David Cameron has said he is "fed up" that Abu Qatada is still in the country, as the cleric returned home after his release from prison.
On a visit to Italy, the Prime Minister said: "I am completely fed up with the fact that this man is still at large in our country.
"He has no right to be here, we believe he is a threat to our country. We have moved heaven and earth to try to comply with every single dot and comma of every single convention to get him out of our country.
"It is extremely frustrating and I share the British people's frustration with the situation we find ourselves in."
The 52-year-old refugee was freed after a UK judge ruled he could not expect a fair trial if he was returned to Jordan, where he is wanted on terrorism-related charges.
A minister in the Jordanian government told Sky News his country will renew its efforts to convince the British courts to overturn their decision.
Nayef al Fayez said: "We share a similar disappointment (as the UK). We must be sure that the right decision will be taken and we will continue to co-ordinate closely with them in that regard."
The decision to free Qatada is the latest twist in an 11-year legal battle, that is believed to have cost the British taxpayer at least £1m.
Qatada, once described as Osama bin Laden's right-hand man in Europe, will have to obey a 16-hour curfew and can only leave his home between 8am and 4pm.
He will also have to wear an electronic tag, cannot use the internet and will be barred from contacting certain people - who cannot be named for legal reasons.
Round-the-clock surveillance of his home is now expected to be put in place, at a reported cost of up to £100,000 a week.
A seven-page document released by the Special Immigration Appeals Commission (Siac) lists the comprehensive conditions with which he has to comply.
They also include being forbidden from leading prayers, only being allowed one bank account, and not being allowed near any train or London Underground stations.
Qatada was greeted by a small group of protesters as he arrived home in northwest London following his release from prison in Worcestershire.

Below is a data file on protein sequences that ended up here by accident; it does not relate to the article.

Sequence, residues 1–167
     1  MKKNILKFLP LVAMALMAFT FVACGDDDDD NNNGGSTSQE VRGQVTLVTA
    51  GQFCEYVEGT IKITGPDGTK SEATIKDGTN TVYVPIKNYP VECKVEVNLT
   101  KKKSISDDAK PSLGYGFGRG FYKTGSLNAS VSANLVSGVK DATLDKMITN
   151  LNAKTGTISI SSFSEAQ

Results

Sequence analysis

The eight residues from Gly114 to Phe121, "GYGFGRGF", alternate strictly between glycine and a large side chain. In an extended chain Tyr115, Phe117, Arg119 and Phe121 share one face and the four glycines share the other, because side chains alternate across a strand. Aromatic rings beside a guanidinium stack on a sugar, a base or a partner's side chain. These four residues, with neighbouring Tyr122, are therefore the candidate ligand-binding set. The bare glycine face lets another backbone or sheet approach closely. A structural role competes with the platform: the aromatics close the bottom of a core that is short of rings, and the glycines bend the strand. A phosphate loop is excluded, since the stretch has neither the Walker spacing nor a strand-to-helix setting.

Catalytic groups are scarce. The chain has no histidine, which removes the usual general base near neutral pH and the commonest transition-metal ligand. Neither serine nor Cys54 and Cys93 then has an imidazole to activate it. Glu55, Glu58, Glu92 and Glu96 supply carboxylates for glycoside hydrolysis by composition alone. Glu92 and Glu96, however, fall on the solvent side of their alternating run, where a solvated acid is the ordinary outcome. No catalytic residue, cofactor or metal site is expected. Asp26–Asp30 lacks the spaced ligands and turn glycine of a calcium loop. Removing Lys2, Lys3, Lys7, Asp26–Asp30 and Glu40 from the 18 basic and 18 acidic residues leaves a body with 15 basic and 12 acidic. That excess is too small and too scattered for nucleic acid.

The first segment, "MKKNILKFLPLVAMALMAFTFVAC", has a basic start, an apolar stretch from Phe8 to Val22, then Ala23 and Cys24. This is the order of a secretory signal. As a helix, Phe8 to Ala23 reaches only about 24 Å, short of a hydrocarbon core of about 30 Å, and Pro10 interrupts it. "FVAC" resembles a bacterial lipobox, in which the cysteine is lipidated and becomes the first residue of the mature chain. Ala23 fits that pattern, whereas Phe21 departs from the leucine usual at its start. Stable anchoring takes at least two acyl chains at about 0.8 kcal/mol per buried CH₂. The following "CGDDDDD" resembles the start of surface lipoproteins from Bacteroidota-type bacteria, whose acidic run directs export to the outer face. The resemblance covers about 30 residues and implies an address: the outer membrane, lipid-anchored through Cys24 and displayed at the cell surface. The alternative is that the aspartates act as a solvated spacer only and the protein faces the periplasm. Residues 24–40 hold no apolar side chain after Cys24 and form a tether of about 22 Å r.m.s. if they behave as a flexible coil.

Jackie Chaunt, 50, who works nearby, said: "He shouldn't be here. He was supposed to be deported to Jordan. It's a disgrace."
But others say the British judiciary's decision must be respected. Mohammed Shafiq of the Ramadhan Foundation, said: "I think the politicians and the media should calm down.
"They should allow the due process to be completed and they should respect the right of judges to interpret it and base decisions on legislation passed by Parliament".
Home Secretary Theresa May has vowed the Government will continue to fight to "get rid" of him and said the Home Office will appeal the judge's decision.
"The Government has been doing everything it can to get rid of Abu Qatada and we will continue to do so," she said.
Qatada was originally convicted of terror-charges in Jordan in his absence in 1999.
The UK judge in Qatada's case ruled that, despite assurances from Jordan, it could not be wholly sure that evidence from witnesses who had been tortured would not be included in any re-trial.
Meanwhile, shadow home secretary Yvette Cooper called for ministers to travel to Jordan straight away for discussions.
She said: "I think people will be really concerned that instead of seeing Abu Qatada on a plane to Jordan we've actually got him out on bail and on Britain's streets instead."
Jordan's King Abdullah II is due to visit London next week, when it is expected that discussions on Qatada will take place.
Mr Cameron's official spokesman said: "I am sure there will be further discussions with the Jordanian government about the Abu Qatada case. They have demonstrated that they are very happy to help us."